The U.S. cable map has just changed. After 15 months of delays and regulatory wrangling, the $17 billion deal through which Comcast Corp. and Time Warner Cable will acquire Adelphia Communications Corp. and, at the conclusion, swap a number of systems, is expected to close today.
This is how the numbers now add up:
Time Warner Cable systems pass 27 million homes, up from about 19.8 million. The operator counts 14.5 million basic subscribers, up from 11 million. About 85% of those subscribers will be located in just five regions, or “clusters”: Southern California, where it will now serve 2.4 million households, up from 0.7 million; Texas, where it will serve 2.6 million, up from 2.0 million; the Carolinas, at 1.9 million, up from 1.7 million; Ohio, at 2.3 million, up from 1.5 million; and New York, at 3.1 million, up from 2.6 million.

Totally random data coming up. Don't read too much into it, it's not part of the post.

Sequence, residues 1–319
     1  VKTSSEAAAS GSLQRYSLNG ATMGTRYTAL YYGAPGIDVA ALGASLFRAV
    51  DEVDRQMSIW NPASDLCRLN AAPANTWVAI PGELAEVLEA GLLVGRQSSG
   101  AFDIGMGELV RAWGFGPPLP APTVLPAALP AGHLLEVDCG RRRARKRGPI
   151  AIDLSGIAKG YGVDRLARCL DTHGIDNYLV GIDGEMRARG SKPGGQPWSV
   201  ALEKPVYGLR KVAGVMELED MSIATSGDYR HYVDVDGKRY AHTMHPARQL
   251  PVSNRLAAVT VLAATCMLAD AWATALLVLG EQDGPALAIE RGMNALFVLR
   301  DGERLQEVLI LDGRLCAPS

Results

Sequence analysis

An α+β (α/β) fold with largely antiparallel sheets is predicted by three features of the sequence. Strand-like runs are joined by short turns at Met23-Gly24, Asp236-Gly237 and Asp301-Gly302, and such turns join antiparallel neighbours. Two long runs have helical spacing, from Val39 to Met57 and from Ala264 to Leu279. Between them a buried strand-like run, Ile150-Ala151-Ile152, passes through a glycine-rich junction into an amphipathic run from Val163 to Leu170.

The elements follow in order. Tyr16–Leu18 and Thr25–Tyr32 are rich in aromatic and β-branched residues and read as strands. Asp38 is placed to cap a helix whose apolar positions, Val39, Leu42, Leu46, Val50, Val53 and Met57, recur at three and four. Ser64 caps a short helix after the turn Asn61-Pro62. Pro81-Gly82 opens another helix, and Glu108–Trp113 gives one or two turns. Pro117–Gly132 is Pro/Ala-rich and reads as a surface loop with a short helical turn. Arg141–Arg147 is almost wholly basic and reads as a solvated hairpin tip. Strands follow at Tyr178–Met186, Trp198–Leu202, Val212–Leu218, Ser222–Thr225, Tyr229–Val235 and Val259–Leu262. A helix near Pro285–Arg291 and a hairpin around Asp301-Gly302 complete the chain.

Comcast, meanwhile, will expand its total number of subscribers to 23.3 million, up from about 21.5 million in the first quarter of this year. It strengthens its presence in markets such as Washington, D.C.; Boston; Minneapolis-St. Paul.; major Florida cities and Pittsburgh.
How will the industry now look, physically?
The map on these pages shows how the deal will transform the cable landscape in the top 20 markets in the United States.
The largest cable operator, Comcast, will continue to dominate the map with operations in 16 of the top 20 markets, serving nearly 14.4 million subscribers in them. Time Warner Cable, the second-largest operator and the third-largest multichannel television provider (after Comcast and DirecTV Inc.), will have systems in the top two markets and nine of the top 20 markets. It will now serve 5.7 million subscribers in those markets.